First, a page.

Ordered Universe in Toronto May 2016

May 8th-17th: Ordered Universe team members, along with staff and students from Durham University’s Department of History and Institute of Medieval and Early Modern Studies, joined the annual medieval migration to the International Congress on Medieval Studies, Western Michigan University, Kalamazoo, Michigan. We travelled via Toronto, and held a joint conference on Monday 9th May, hosted by colleagues and friends at the Centre for Medieval Studies, University of Toronto. This was the third joint Durham-Toronto pre-Kalamazoo Conference, and we are very grateful to Professor Nicholas Everett, Associate Director of the Centre, for making all the of the arrangements. Jon Turnock, Stephanie Britton and Sarah Gilbert, Durham PhD students and Ordered Universe participants, spoke to their doctoral research.

Sigbjørn spoke for the Ordered Universe project, on the subject of ‘experimentum’ and experience, tracing Grosseteste’s thought on the matter especially with reference to his commentary on Aristotle’s Posterior Analytics. The importance of twelfth century conceptual frameworks of experience, as exemplified by monastic reading practices (lectio divina), also received attention. Starting with Jimi Hendrix, possibly for the first time in comparison to Grosseteste, the paper ended with a reminder that the judgment of a good  human being remains the measure of truth.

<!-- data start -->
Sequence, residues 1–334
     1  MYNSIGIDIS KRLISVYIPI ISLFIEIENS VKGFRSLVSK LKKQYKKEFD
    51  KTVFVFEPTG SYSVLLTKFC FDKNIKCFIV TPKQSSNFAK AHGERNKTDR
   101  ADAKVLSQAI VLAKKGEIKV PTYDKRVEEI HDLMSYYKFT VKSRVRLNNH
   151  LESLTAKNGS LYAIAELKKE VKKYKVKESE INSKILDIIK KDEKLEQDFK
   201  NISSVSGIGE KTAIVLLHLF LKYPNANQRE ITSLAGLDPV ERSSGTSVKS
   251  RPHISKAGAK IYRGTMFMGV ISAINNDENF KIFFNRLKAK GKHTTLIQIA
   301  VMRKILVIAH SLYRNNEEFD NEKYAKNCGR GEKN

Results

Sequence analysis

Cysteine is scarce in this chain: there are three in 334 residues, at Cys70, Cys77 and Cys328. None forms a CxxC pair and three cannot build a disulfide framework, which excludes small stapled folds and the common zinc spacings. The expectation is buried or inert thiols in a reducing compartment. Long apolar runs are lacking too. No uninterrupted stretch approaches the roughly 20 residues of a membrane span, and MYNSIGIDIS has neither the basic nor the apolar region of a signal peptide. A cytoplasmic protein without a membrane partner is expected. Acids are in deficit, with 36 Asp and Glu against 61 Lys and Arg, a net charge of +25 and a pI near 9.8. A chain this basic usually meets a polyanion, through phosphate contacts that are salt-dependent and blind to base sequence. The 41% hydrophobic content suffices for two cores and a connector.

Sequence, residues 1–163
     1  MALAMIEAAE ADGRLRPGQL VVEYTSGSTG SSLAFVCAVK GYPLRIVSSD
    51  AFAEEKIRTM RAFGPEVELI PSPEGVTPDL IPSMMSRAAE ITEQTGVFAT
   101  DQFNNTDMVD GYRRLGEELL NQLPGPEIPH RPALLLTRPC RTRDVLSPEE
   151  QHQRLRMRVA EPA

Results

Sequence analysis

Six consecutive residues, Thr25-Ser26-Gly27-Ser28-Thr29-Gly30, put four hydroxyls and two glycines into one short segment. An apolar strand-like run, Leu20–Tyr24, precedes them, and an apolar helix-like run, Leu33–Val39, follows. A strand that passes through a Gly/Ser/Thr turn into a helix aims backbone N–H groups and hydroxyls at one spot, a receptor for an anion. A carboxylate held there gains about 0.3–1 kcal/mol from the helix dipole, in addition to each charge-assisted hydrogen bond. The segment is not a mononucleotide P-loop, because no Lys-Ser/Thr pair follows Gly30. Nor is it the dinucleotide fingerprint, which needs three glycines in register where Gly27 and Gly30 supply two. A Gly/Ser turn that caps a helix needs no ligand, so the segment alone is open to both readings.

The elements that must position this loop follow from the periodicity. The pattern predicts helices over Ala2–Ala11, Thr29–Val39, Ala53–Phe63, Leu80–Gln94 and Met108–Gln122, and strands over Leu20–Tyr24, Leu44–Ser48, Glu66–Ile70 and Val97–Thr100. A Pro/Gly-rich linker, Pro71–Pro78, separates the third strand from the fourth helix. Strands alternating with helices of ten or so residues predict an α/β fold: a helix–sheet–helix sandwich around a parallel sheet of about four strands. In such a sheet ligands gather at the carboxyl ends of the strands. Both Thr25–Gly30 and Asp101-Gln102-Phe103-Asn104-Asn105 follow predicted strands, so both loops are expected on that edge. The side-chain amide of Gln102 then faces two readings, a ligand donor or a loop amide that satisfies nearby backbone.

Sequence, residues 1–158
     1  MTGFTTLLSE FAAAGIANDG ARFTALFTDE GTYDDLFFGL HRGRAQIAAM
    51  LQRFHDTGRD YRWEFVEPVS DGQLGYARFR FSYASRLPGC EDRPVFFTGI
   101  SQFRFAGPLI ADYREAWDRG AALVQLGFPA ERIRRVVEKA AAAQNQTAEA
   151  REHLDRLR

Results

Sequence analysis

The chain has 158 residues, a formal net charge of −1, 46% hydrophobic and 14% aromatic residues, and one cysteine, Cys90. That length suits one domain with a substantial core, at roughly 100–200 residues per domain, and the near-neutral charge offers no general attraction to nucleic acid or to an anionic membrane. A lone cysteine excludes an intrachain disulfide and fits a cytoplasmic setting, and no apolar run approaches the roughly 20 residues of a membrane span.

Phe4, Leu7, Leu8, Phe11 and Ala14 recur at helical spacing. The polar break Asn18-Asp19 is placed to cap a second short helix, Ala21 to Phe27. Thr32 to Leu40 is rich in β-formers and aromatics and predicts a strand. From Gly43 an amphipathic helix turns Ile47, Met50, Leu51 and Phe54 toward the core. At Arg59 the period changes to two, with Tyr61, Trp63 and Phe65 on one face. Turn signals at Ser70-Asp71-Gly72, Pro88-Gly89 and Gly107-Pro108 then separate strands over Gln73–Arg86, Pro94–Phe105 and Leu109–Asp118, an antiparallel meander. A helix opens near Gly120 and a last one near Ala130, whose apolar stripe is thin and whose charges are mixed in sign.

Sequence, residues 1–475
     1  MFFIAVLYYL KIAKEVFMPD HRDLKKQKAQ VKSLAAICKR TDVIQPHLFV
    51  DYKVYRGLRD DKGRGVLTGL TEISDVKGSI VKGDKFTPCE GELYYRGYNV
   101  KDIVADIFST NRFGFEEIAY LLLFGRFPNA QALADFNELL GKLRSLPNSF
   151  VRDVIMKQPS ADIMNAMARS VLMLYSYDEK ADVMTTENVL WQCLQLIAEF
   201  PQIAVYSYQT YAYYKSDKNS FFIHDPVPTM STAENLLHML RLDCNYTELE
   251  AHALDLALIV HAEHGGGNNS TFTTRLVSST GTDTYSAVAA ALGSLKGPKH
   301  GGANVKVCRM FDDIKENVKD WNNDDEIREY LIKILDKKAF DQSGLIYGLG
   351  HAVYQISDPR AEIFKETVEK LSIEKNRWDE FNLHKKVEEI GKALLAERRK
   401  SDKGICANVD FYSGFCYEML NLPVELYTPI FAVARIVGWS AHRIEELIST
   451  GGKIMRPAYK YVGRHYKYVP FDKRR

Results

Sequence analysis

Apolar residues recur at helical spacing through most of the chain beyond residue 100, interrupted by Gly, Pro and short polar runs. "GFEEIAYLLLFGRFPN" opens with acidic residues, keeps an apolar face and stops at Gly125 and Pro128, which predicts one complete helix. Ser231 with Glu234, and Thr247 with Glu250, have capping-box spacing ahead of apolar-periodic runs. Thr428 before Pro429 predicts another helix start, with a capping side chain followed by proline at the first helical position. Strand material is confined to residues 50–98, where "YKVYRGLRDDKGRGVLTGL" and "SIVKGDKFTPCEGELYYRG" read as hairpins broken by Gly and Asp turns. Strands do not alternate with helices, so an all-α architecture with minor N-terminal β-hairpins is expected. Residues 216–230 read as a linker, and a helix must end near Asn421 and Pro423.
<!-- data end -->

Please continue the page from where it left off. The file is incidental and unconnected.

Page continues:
The following day, May 10th, saw further collaboration with Toronto students and colleagues. The History of Medicine and Science seminar featured a presentation by Sarah Star on the Centre for Medieval Studies’s Henry Daniel project. Daniel, active at the end of the fourthenth century in England, was a remarkable figure in the expansion of scientific literature in Middle English. As Sarah’s paper laid out, his linguistic innovation was extensive, creating a Middle English vernacular scientific terminology. The implications for the cultural history of science are considerable. From an Ordered Universe perspective this provides a lot of food for thought with respect to the early 15th century treatise on the Seven Liberal Arts and its Middle English translation and adaptation of Grosseteste’s treatises On the Liberal Arts and On the Generation of Sounds. In the second part of the seminar Giles presented the Ordered Universe project, and its interdisciplinary methods and outputs. Possibilities for future collaboration were explored.

Collaboration and discussion continued into the evening, and then, together with Toronto friends, old and new, we set off on the following day for Kalamazoo.


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